Home » GPS L1 Band Interference Detected at AUVSI Xponential 2024 Print Page

GPS L1 Band Interference Detected at AUVSI Xponential 2024

Franck Boynton, CTO, NavtechGPS
May 7, 2024

As part of NavtechGPS’ involvement at the annual AUVSI Xponential conference, I have given many presentations about GNSS interference and jamming detection and how to help mitigate these real world issues.  In the last eight presentations, I have asserted that “it’s not a matter of if, but when.” This was proven to be true this year in the exhibit hall.  As part of the NavtechGPS exhibit booth we have two jammer detectors live and active on our table.  On day two of the exhibit our Chronos CTL3510-LOG jammer detector started buzzing and the indicator lights lit up completely, indicating a strong GPS interference source.  Trevor Boynton and I, wasting no time, grabbed the Chronos CTL3520 directional jammer detector to hunt down the jamming source.  With 646 exhibit booths loaded with high tech gear and thousands of people in the hall we had our work cut out for us. 

After looking for several minutes we narrowed it down to the exhibit booth on the right side of the photo, or so we thought.  We saw equipment with antennas sitting on the table and thought that was a likely source.  The person in the booth was being interviewed and videoed so we waited until that was complete before talking to the booth attendant.  As we were approaching the booth Trevor noticed the buzzing of the CTL3510 had suddenly stopped and he realized it was the videographer’s equipment that was the interference source.  They had disappeared into the crowd by the time Trevor realized what the source was.  We now had to track down what was now a mobile jammer in the exhibit hall containing thousands of people.  Several minutes later while walking, the CTL3510-LOG once again indicated a jamming source.  We saw the people who were performing the interview and asked if we could speak with them about an interference source they were generating and were obviously unaware of.  I’m sure this seemed to be a very strange request on our part but they obliged.  After noticing dual antennas on the video camera we held the Chronos CTL3520 near  the camera with no results.  I asked if there was something transmitting to the camera, to which she replied the person doing the interview had a wireless microphone.  We asked the interviewer if they would show us the transmitter.  After the transmitter was removed from the suit pocket and adding full attenuation to the CTL3520 all indicator bars hit full levels when held over the transmitter.  We had found our source among a sea of people and equipment within minutes.  What made it possible to find the jamming source is the CTL3520’s very narrow reception beamwidth.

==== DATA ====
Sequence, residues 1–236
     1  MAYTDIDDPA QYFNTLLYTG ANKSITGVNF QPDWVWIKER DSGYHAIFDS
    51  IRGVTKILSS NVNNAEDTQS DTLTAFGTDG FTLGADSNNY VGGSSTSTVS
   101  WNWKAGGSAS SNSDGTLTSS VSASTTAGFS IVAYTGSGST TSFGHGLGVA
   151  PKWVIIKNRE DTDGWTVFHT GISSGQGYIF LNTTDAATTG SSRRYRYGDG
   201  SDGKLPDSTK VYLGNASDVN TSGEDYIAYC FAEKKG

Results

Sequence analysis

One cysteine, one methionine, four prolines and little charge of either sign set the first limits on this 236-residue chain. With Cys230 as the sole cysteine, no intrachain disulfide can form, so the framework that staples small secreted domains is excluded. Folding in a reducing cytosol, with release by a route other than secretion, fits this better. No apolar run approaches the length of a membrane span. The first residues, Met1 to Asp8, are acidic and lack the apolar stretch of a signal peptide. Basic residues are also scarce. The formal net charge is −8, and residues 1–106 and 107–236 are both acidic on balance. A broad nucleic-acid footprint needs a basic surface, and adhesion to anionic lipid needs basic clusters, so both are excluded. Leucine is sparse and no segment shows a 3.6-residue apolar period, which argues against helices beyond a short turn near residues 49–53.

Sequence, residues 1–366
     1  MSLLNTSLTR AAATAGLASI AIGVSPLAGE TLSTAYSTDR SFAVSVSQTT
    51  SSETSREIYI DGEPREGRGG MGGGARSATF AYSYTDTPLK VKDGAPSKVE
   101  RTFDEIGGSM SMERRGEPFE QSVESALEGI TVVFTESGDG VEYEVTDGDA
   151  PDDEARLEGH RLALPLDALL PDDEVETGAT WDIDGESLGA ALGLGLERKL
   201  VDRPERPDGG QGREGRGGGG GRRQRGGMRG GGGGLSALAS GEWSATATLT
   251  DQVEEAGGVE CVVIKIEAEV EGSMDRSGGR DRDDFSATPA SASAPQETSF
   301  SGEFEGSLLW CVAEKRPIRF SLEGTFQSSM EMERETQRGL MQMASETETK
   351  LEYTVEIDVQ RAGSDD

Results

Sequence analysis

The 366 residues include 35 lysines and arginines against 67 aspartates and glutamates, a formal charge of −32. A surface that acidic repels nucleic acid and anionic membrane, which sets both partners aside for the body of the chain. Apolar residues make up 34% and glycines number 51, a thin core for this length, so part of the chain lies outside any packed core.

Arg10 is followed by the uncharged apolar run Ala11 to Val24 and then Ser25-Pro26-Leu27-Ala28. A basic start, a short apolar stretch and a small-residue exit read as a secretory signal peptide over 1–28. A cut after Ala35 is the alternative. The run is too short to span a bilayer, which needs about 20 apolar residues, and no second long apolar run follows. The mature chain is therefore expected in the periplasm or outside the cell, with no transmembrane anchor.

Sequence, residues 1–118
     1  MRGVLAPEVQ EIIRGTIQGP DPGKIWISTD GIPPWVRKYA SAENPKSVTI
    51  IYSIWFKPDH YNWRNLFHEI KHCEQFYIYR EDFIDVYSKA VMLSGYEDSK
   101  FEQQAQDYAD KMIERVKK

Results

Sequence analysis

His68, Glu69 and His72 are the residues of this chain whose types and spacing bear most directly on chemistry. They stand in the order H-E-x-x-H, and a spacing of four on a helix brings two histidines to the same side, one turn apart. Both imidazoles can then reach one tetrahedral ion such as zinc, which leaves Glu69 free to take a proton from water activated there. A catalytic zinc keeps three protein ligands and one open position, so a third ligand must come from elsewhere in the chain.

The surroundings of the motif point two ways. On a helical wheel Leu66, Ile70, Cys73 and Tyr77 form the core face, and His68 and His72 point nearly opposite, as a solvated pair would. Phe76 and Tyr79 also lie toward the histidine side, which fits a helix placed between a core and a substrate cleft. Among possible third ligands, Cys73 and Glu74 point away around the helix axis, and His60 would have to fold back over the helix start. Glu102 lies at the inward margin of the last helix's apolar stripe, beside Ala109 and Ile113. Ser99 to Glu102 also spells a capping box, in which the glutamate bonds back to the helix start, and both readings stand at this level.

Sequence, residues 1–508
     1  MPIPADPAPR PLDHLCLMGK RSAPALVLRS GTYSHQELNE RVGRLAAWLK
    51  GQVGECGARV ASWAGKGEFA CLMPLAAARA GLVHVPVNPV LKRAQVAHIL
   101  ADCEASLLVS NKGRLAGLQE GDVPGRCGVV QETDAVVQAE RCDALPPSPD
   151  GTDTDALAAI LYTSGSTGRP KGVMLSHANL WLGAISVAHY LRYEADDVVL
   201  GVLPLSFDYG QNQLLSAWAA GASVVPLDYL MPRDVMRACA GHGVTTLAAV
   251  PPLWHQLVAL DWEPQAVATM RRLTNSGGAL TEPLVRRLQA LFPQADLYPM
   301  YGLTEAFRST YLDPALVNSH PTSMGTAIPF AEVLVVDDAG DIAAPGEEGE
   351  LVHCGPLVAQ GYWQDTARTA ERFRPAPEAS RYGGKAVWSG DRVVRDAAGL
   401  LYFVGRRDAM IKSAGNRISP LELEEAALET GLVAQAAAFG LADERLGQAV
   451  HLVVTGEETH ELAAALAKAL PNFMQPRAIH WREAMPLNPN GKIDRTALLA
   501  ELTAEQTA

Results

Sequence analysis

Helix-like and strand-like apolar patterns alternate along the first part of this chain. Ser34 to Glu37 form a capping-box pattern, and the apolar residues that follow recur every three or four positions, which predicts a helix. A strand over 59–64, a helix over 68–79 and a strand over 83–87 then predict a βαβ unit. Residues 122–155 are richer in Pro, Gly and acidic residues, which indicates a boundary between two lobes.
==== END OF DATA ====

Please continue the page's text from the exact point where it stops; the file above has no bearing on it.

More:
In the photo the videographer can be seen with headphones along with the interviewer to their left who, unbeknownst to us at the time, had a GPS jamming source in their pocket.  We have observed that an estimated 90% of the jamming sources we have discovered have proven to be unintentional sources.  This shows that GNSS interference can be anywhere and can come from very unexpected sources all around us.  Finding the source is key to mitigating the interference.  We don’t always have control over our environment, however.  To help mitigate interference we recommend our line of GNSS receivers with AIM+ (Advanced Interference Mitigation) from Septentrio https://www.navtechgps.com/brands/septentrio/.  This line has many different form factors to fit your project.  AIM+ will allow you to manually, automatically or a combination of both, notch out interference sources and much more within a high quality GNSS receiver with and without INS.  Let us know how we can help you find and mitigate GNSS interference sources.

Scroll to Top